May 2007
Socializing Cyberinfrastructure: Networking the Humanities, Arts, and Social Sciences
Patricia Seed, University of California-Irvine


Since human relationships with the environment usually involve constant change and adaptation on both sides, only similarly dynamic three-dimensional visualizations have the potential for portraying that interactive past of humans and their environments. Increasingly complex, three-dimensional computer visualization in meteorology and oceanography has vastly improved our knowledge and understanding of complex dynamic processes such as weather and ocean currents. These models contain an unrealized potential to contribute to understanding why agricultural settlements emerged in one area, while a pastoral economy developed nearby. They can also show how environmental factors such as wind and water patterns might have influenced where people near a coast would have chosen to reside. Their potential also exists for understanding other interactions with the environment.

Several obstacles hamper the task of conveying the complexities of ocean going travel before the age of steam and the screw propeller. Boats do not climb up and down as people do on land, unless of course they are heading to the bottom of the sea and hence to the end of the story. At sea, winds blow from 360 degrees, buffeting ships sideways; boundary currents pull vessels in giant curving arches away from the edges of oceans and towards their center. The frailty of life at sea, the continual vulnerability to the natural world, remains difficult to convey through the customary smooth depictions of the surface of the sea on maps.

More complex visualizations offer the opportunity to portray three-dimensional relationships including the movement of ships in nearly all directions. Representing the dynamic dimension of humans operating in space would allow us to understand historical events. Beyond this, such representations have the potential to allow denizens of the present to more closely identify with the human fate of long-deceased individuals from around the globe.

One of the most shameful episodes of modern history occurred with the forced mass deportations of Africans on board slave ships destined for Europe, the Atlantic Islands, and eventually the Americas. As the earliest slaves boarded ships bound for harsh lives in an unknown world, they would have seen the coast of Africa for the last time. In order to re-envision these last glimpses of Africa, which likely would have remained with them, I have been combining the historical information from the first maps of the region during the fifteenth century, with contemporary data on the heights of hills and the paths of rivers to create an image of West Africa as it would have been seen for the last time.9 Employing additional information on the patterns of winds and currents, I can also depict the course most likely taken by a fifteenth-century sailing ship, thus recreating the angle and speed at which the African coast would disappear from sight. Such re-creations will allow scholars to see how different the fifteenth-century landscape appeared, and permit others to empathize with the human dimension of the tragedy for themselves and others.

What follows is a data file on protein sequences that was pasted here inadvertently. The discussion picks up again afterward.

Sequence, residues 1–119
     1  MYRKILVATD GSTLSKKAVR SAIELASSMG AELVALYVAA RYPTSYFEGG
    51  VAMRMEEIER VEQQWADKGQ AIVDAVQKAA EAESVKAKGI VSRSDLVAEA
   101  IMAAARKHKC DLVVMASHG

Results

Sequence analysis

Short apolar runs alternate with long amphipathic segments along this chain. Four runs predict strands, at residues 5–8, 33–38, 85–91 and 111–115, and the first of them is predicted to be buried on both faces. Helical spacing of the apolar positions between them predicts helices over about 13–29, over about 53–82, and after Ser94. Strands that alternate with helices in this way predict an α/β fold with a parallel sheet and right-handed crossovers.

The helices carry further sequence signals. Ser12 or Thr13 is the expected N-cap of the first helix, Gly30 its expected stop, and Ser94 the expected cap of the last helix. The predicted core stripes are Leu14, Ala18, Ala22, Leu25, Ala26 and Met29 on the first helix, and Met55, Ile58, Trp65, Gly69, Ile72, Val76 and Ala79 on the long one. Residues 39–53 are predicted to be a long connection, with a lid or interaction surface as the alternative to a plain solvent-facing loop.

Recent advances in scientific, three-dimensional visualization can significantly improve our ability to immerse ourselves in the geographic environment of a faraway past and a culturally distinct environment. Because of their accuracy, these models are likely to receive a warm welcome in history. And these representations, especially the dynamic ones, remain far preferable to those visualizations more familiar to this generation of students, those dreamed up in the game studios of Blizzard, Ensemble or Fireaxis.

1 Morse, R., Morse, B. “Oral Tradition and Rawang Migration Routes,” Artibus Asiae. Supplementum, Vol. 23, Essays Offered to G. H. Luce by His Colleagues and Friends in Honour of His Seventy-Fifth Birthday. Volume 1: Papers on Asian History, Religion, Languages, Literature, Music Folklore, and Anthropology. (1966), pp. 195-204. links.jstor.org/sici?sici=1423-0526%281966%2923%3C195%3AOTARMR%3E2.0.C...
2 The US Geological Survey’s site (www.usgs.gov/features/lewisandclark.html ) shows an elevation map of the western United States that offers a tantalizing glimpse of the difficulties Lewis and Clark faced. A hard to access map in the David Rumsey collection (www.davidrumsey.com/) illustrates the steep terrain with an overlay.
3 Culloden (1746) was the last major battle fought on English soil, destroyed Stuart pretensions to the throne, and many of the Scottish highland clans.
4 Only English language textbooks costing hundreds of dollars can one find maps distributed throughout the book. Maps rarely appear in Spanish historical texts, and appear erratically in histories composed in the remaining Western European languages.
5 Kulhavey, R., Stock, W. A. “How Cognitive Maps Are Learned and Remembered,” Annals of the Association of American Geographers 86, no. 1 (1996): 123-45. links.jstor.org/sici?sici=00045608%28199603%2986%3A1%3C123%3AHCMALA%3E...
6 www.gutenkarte.org/map/8001
7 Taha, P. “Fluvial Response to Base Level Change: A Case Study of the Brazos Incised Valley,” Unpub. Phd. Dissertation, Rice University 2006; Peter Bol’s China Historical GIS, a major study of the relationship of settlement to the historical river pathways in China.
8 www.avs.com/software/soft_t/geospat.html
9 The project is being generously supported by the American Council of Learned Societies and the National Endowment for the Humanities’ Digital Initiative Start-Up Grant Program.

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Reference this article
Seed, P. "Flat Maps in a 3D World: Visualizing the Past," CTWatch Quarterly, Volume 3, Number 2, May 2007. http://www.ctwatch.org/quarterly/articles/2007/05/flat-maps-in-a-3d-world/

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